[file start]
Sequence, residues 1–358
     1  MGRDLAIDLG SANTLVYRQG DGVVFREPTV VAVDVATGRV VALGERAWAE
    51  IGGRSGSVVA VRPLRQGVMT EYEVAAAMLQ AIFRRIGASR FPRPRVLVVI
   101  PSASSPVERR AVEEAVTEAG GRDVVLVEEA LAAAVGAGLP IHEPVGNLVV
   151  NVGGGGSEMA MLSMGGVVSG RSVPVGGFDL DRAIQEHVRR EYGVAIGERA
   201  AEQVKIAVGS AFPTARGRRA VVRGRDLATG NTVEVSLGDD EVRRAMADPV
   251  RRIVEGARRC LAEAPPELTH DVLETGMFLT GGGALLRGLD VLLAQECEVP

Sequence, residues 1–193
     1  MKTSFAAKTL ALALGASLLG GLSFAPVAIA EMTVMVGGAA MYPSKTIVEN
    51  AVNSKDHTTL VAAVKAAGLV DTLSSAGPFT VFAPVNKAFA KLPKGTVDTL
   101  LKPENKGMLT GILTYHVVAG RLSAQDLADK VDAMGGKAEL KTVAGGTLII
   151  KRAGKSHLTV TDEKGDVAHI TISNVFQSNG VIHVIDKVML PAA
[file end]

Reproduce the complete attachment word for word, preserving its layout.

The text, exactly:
Sequence, residues 1–358
     1  MGRDLAIDLG SANTLVYRQG DGVVFREPTV VAVDVATGRV VALGERAWAE
    51  IGGRSGSVVA VRPLRQGVMT EYEVAAAMLQ AIFRRIGASR FPRPRVLVVI
   101  PSASSPVERR AVEEAVTEAG GRDVVLVEEA LAAAVGAGLP IHEPVGNLVV
   151  NVGGGGSEMA MLSMGGVVSG RSVPVGGFDL DRAIQEHVRR EYGVAIGERA
   201  AEQVKIAVGS AFPTARGRRA VVRGRDLATG NTVEVSLGDD EVRRAMADPV
   251  RRIVEGARRC LAEAPPELTH DVLETGMFLT GGGALLRGLD VLLAQECEVP

Sequence, residues 1–193
     1  MKTSFAAKTL ALALGASLLG GLSFAPVAIA EMTVMVGGAA MYPSKTIVEN
    51  AVNSKDHTTL VAAVKAAGLV DTLSSAGPFT VFAPVNKAFA KLPKGTVDTL
   101  LKPENKGMLT GILTYHVVAG RLSAQDLADK VDAMGGKAEL KTVAGGTLII
   151  KRAGKSHLTV TDEKGDVAHI TISNVFQSNG VIHVIDKVML PAA